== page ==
As a gluten-free vegetarian or vegan shopping for baking mixes, you'll obviously be buying only "gluten-free"-marked packages. But you'll also need to watch out for animal ingredients ... and unfortunately for vegans in particular, many of the various possibilities contain either milk or eggs.

Still, vegans do have a few options. Cherrybrook Kitchen considers its full line of gluten-free mixes to be vegan, and most of Pamela's Products' mixes also are vegan — the possibilities include cakes, brownies, cookies and pancake batter. Glutino has a vegan brownie mix, and everything Wholesome Chow makes is gluten-free and vegan.

Meanwhile, if you do eat milk products or eggs, you can use virtually any of the gluten-free mix products on the market — just be sure to double-check the ingredients.

When baking from scratch, you probably know that baking supplies such as cornstarch and gluten-free flour are acceptably vegetarian and vegan. But not all baking supplies are created equal on the gluten-free diet: some are considered gluten-free, while others are not. Learn more:

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Condiments and Drinks

Finding gluten-free vegetarian (and even vegan) condiments shouldn't be a challenge. Getty Images/Eric Futran - Chefshots

Buying condiments and drinks is relatively easy when you're gluten-free and vegetarian, especially if you eat dairy and eggs. And it's not too much trouble even when you're a gluten-free vegan, either.

Ketchup, salsa and mustard rarely contain any animal-derived ingredients, so you'll really only need to watch out for their gluten-free status. Any animal-flavored spices are most likely to be clearly labeled as such (watch out for seasoning blend mixes), so just double-check your choices for added gluten (yes, some will have that).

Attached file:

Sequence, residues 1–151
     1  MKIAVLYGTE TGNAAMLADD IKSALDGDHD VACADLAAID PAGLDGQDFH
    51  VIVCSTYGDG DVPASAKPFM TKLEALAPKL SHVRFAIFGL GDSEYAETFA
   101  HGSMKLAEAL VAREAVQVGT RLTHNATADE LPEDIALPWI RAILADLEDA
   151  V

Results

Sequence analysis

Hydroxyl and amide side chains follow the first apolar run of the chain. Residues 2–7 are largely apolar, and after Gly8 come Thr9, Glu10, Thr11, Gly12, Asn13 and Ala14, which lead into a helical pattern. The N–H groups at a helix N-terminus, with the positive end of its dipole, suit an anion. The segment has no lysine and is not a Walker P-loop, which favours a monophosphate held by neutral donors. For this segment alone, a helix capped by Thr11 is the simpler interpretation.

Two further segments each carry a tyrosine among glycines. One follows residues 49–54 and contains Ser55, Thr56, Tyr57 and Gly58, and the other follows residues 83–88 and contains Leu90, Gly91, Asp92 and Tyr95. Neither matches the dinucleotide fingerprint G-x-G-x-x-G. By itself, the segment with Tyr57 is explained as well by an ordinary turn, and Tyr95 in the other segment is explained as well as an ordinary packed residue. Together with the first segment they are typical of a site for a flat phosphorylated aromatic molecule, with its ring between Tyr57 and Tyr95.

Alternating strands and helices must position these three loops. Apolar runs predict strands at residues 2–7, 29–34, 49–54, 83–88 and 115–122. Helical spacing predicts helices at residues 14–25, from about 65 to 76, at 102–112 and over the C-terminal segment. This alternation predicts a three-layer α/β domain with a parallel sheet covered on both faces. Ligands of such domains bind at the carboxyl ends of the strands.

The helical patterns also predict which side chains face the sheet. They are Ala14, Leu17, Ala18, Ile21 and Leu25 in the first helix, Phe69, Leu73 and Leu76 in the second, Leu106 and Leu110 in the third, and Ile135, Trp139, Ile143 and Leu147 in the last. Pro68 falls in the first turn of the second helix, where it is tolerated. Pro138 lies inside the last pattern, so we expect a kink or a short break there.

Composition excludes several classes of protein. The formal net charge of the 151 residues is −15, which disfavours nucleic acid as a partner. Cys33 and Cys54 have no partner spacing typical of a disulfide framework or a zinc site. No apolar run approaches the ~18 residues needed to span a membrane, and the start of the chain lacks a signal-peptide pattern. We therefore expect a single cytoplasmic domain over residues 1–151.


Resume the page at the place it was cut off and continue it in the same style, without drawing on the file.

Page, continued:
True mayonnaise-based salad dressings won't work for vegans (they likely will contain eggs and possibly milk ingredients), but they will work for vegetarians who consume those ingredients ... and there's a huge variety of possibilities on the market (check out the list below).

Meanwhile, vegans who crave mayonnaise can turn to Vegenaise, which the company considers gluten-free, or alternatively can use one of the gluten-free-labeled oil-and-vinegar-based dressings on the market.

Learn more (all list vegetarian and vegan options):

On to beverages: the vast majority of non-alcoholic beverages on the market are considered suitable for vegans (and by extension, vegetarians), although a few may contain gelatin, cochineal (a red food coloring made from crushed beetles) or shellac (made from material secreted from the lac insect). Double-check your labels for those ingredients, and look for gluten ingredients at the same time — most non-alcoholic drinks are gluten-free, but some aren't.

Learn more:

And finally, if you want to enjoy an alcoholic beverage, you face several pitfalls. Not all alcohol is gluten-free — conventional beer is an obvious example of a non-gluten-free drink, but some people also react to distilled alcohol derived from gluten grains.

And even if the drink you find is gluten-free, it may not be vegetarian or vegan — many beer and wine products are clarified using animal-derived substances such as gelatin, egg albumen and casein (milk protein), and a few may contain cream (think Irish cream whiskey) or honey.

Fortunately, there are numerous vegan wines on the market (you may need to call manufacturers to confirm the vegan status of a particular wine), and even a few gluten-free vegan beers, including Green's Original Gluten-Free and Harvester Brewing.

Learn more: